What we learned about stealth technology from the combat career of the F-117.
- By Bill Sweetman
- Air & Space magazine, January 2008
Tech. Sgt. Kevin J. Gruenwald/USAF
(Page 7 of 10)
A December 2006 account of the shootdown in Air Force magazine says only that Zelko’s “routine suddenly was shattered by indications that Serbian air defense systems had targeted his aircraft.” (Zelko ejected and was rescued by an MH-60 Pave Hawk helicopter six hours later.)
The shootdown led to such changes as the formation of an F-117 weapons school to develop, formalize, and train in tactics, and an increased emphasis on training with other forces, including the jet’s first participation in Red Flag war games. “Stealth is not perfect, and we still count on other assets to improve our capability,” Shoaf told the London conference.
As other systems started to encroach on the F-117A’s battlefield jobs, the aircraft’s retirement loomed. One early herald of the end of the Nighthawk’s service life came in 1994, when the Air Force decided to add a guided bomb on the F-22.
The only guided bombs available when the F-22 was designed used laser designation, and the F-22 flew too high for that to work. The picture changed with the development of the GPS-guided Joint Direct Attack Munition and the realization that better computers could make it possible to get a high-resolution ground image from the F-22’s radar. The fighters could drop ordnance on pinpoint positions.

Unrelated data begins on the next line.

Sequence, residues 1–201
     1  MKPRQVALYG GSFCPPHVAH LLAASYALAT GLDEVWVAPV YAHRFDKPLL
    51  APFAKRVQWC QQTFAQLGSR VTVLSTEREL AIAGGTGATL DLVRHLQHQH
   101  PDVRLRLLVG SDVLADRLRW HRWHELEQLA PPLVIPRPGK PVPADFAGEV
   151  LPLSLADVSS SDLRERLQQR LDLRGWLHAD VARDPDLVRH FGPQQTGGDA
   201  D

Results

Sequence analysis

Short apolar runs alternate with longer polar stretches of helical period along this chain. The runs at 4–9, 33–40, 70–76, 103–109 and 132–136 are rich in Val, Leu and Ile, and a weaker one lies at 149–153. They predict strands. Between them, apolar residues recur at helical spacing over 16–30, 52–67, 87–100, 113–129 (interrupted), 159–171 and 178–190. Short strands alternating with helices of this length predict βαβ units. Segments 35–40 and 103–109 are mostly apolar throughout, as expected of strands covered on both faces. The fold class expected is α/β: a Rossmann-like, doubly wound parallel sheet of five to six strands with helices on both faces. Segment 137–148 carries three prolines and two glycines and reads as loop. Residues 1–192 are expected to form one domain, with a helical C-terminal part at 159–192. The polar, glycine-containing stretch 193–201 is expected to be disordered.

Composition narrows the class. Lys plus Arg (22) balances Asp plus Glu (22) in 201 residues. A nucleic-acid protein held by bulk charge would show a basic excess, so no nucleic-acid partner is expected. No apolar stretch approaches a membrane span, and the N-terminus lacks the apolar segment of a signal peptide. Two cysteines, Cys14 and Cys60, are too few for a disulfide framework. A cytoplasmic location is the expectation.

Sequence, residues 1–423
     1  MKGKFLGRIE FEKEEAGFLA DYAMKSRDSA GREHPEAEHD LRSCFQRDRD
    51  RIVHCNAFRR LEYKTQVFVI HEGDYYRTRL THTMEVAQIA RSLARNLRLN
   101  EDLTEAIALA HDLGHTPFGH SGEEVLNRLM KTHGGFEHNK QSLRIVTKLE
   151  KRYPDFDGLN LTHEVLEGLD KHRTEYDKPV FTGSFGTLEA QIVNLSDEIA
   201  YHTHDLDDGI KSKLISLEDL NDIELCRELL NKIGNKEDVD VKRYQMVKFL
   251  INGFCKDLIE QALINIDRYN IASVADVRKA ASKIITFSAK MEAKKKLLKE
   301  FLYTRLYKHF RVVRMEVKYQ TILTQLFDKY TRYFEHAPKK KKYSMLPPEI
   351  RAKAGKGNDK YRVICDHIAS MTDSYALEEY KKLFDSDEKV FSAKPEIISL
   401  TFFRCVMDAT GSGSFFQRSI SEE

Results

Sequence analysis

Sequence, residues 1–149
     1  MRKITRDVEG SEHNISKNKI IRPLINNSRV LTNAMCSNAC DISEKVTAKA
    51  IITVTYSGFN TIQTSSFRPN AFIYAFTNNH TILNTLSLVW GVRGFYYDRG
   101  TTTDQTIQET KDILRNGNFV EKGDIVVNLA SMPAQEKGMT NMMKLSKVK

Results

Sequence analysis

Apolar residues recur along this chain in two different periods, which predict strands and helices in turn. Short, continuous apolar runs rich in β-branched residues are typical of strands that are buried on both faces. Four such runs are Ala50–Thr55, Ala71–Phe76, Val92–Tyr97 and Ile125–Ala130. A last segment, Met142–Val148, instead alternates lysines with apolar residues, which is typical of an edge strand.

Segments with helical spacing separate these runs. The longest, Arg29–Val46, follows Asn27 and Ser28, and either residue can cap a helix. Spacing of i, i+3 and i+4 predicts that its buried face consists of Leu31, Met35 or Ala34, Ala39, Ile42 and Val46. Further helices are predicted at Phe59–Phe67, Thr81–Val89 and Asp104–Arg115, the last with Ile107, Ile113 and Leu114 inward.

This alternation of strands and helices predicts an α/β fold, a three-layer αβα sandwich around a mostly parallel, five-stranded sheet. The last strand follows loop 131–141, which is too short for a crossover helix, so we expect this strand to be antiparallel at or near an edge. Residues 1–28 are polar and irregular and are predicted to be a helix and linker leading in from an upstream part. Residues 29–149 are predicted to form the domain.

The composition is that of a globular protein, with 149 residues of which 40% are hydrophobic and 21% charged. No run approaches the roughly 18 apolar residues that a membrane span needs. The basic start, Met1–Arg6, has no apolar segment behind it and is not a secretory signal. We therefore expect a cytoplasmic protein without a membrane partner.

And then came the missiles. The view from the F-117’s strange cockpit is so limited that the mission does not call for the pilot to see the target with the naked eye. The airplane’s navigation system would guide the aircraft to a point where the infrared sensors could see the target.
Then the pilot would find the exact aim point within the image and lock the laser designator on to it. But missiles such as the Joint Air-to-Surface Standoff Missile (JASSM), which entered service in 2003, can do the same thing, comparing the image from an infrared camera to digital images of the target area.
Neither the JASSM nor the F-22 could replace the F-117 directly, but each reduced the number of tasks that only an F-117 could perform.
By 2005, according to Major Doug Downey, in charge of tactical training for the fighter, the F-117 force was focused on just a handful of missions. One was “eyes on target”: when no missile could be trusted to ensure that the target was hit, and it was critical to verify that the correct target had been struck.